nep-sog New Economics Papers
on Sociology of Economics
Issue of 2019‒07‒15
three papers chosen by
Jonas Holmström
Axventure AB

  1. Publication, Compensation, and the Public Affairs Discount: Does Gender Play a Role? By Lori L. Taylor; Kalena E. Cortes; Travis C. Hearn
  2. Pay and Job Rank Amongst Academic Economists in the UK: Is Gender Relevant? By Mumford, Karen A.; Sechel, Cristina
  3. Exploring the trade narrative in top economics journals By Matthias Aistleitner; Stephan Puehringer

  1. By: Lori L. Taylor; Kalena E. Cortes; Travis C. Hearn
    Abstract: This paper presents on three new styled facts: first, schools of public affairs hire many economists; second, those economists are disproportionately female; and third, salaries in schools of public affairs are, on average, lower than salaries in mainline departments of economics. We seek to understand the linkage, if any, among these facts. We assembled a unique database of over 2,150 faculty salary profiles from the top 50 Schools of Public Affairs in the United States as well as the corresponding Economics and Political Science departments. For each faculty member we obtained salary data to analyze the relationship between scholarly discipline, department placement, gender, and annual salary compensation. We found substantial pay differences based on departmental affiliation, significant differences in citation records between male and female faculty in schools of public affairs, and no evidence that the public affairs discount could be explained by compositional differences with respect to gender, experience or scholarly citations.
    JEL: J01 J16 J30 J31
    Date: 2019–06
  2. By: Mumford, Karen A. (University of York); Sechel, Cristina (University of Sheffield)
    Abstract: This article presents and explores a rich new data source to analyse the determinants of pay and job rank amongst academic Economists in the UK. Characteristics associated with individual productivity and workplace features are found to be important determinants of the relative wage and promotion structure in this sector. However, there is also a substantial unexplained gender pay gap. Men are considerably more likely to work in higher paid job ranks where there are also substantial within-rank gender pay gaps. We show that the nature of the gender pay gap has changed over the last two decades; but its size has not, suggesting a role for suitable policy intervention.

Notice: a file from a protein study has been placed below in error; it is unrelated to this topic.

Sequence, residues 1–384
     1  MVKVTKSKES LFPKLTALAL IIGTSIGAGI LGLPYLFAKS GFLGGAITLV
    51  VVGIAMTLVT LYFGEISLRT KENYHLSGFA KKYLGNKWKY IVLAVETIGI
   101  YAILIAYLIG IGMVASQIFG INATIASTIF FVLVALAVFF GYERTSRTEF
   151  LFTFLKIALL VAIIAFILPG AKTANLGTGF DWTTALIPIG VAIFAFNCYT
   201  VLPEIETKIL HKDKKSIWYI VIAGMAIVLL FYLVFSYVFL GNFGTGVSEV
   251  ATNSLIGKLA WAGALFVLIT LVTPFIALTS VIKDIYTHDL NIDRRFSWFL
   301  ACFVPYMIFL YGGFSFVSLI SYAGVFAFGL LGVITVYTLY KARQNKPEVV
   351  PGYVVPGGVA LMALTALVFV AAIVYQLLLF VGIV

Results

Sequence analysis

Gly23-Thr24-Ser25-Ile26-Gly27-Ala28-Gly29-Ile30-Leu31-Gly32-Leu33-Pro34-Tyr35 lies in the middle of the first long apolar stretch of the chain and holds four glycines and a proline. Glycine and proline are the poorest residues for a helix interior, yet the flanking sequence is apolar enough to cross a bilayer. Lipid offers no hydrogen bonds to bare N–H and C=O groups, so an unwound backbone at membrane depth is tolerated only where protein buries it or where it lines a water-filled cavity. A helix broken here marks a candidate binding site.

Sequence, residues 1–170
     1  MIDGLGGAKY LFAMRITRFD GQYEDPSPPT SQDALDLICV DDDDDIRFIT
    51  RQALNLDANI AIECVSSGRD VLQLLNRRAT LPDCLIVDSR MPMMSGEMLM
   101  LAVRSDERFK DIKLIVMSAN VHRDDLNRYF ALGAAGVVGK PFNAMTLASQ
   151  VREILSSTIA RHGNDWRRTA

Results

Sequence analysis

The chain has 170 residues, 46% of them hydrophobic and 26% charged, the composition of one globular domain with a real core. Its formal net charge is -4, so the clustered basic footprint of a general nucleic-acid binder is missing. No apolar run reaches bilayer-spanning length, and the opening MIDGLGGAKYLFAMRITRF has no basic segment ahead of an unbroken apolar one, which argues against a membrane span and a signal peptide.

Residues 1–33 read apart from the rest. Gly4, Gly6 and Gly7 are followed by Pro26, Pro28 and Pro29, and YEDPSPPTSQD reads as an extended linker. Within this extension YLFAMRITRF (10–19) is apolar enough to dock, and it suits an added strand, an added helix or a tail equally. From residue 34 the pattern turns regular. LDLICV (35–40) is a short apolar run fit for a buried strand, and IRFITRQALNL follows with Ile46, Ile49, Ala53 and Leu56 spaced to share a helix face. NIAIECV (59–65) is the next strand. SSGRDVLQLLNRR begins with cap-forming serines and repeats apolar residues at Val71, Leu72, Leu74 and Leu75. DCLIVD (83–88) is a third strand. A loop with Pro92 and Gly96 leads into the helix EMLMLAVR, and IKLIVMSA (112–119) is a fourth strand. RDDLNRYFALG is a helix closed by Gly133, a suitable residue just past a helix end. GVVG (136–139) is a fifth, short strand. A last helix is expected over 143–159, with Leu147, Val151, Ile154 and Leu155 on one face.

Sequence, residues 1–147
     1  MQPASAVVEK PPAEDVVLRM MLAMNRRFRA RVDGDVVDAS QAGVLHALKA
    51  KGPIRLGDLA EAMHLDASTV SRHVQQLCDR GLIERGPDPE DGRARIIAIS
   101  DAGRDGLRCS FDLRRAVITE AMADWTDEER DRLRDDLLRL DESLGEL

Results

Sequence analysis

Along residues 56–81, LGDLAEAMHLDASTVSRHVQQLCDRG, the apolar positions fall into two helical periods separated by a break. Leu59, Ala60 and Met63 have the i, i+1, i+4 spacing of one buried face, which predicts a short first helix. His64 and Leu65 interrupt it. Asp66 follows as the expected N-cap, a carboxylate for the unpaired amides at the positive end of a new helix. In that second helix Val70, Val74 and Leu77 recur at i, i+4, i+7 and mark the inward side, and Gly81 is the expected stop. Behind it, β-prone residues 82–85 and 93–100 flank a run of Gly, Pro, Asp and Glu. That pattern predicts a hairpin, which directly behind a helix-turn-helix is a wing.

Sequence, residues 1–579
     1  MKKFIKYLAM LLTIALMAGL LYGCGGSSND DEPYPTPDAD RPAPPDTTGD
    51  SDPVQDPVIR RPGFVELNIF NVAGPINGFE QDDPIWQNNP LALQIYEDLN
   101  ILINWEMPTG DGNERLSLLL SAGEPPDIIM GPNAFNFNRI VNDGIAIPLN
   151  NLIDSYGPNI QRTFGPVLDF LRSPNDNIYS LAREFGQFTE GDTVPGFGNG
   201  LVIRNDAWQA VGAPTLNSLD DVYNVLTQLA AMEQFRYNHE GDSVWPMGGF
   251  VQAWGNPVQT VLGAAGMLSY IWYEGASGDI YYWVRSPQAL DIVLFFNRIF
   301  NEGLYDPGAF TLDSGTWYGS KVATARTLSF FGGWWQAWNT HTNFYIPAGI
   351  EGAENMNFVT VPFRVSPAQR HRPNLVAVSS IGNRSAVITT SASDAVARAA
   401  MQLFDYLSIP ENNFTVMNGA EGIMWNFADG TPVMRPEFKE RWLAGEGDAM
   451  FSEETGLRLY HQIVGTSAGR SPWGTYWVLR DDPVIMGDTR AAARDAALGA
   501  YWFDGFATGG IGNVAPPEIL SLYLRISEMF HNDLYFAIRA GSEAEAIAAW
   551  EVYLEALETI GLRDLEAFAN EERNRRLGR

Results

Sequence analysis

Keywords: economist, academia, pay-gap, gender
    JEL: A1 A11 A2 I3 J01 J31 J7
    Date: 2019–06
  3. By: Matthias Aistleitner (Institute for Comprehensive Analysis of the Economy, Johannes Kepler University Linz, Austria); Stephan Puehringer (Institute for Comprehensive Analysis of the Economy, Johannes Kepler University Linz, Austria)
    Abstract: In the aftermath of recent populist upheavals in Europe, the U.S., the UK and other areas around the world, nationalist economic policies challenge the overly positive view on economic integration and the reduction of trade barriers established by standard economic theory. For quite a long time the great majority of economists supported trade liberalization policies, at least those, who were actively engaged in policy advice or public debates. Yet it was hardly investigated whether this general support emerges from a consensus view among economists on this issue or whether only a partisan interpretation of economic expertise is used to serve a distinct political purpose. Against this background, in this paper we examine the elite economics discourse on trade and trade policies by applying a multilevel mixedmethod approach. In doing so we combine quantitative methods with a discourse analytical approach in order to examine dominant narratives and imaginaries present in high impact papers dealing with trade, globalization and related policy issues. Our analysis yields the following results: First, the hierarchical structure of economics is also present in the economic debate on trade. Second, the top economic discourse on trade is predominantly characterized by a normative bias in favor of trade liberalization policies leading to a systematically underestimation of negative effects of free trade policies. Third, we found that other-thaneconomic impacts and implications (political, social and cultural as well as environmental issues) of trade policies either remain unmentioned or are rationalized by means of pure economic criteria. To sum up, we conclude that the narrow perspective present in top economics discourse on trade prevents a more comprehensive understanding of the multifaceted gains and challenges related to the issue of international integration.
    Keywords: trade narratives, discourse analysis, sociology of economics, bibliometric analysis, top economic journals
    Date: 2019–07

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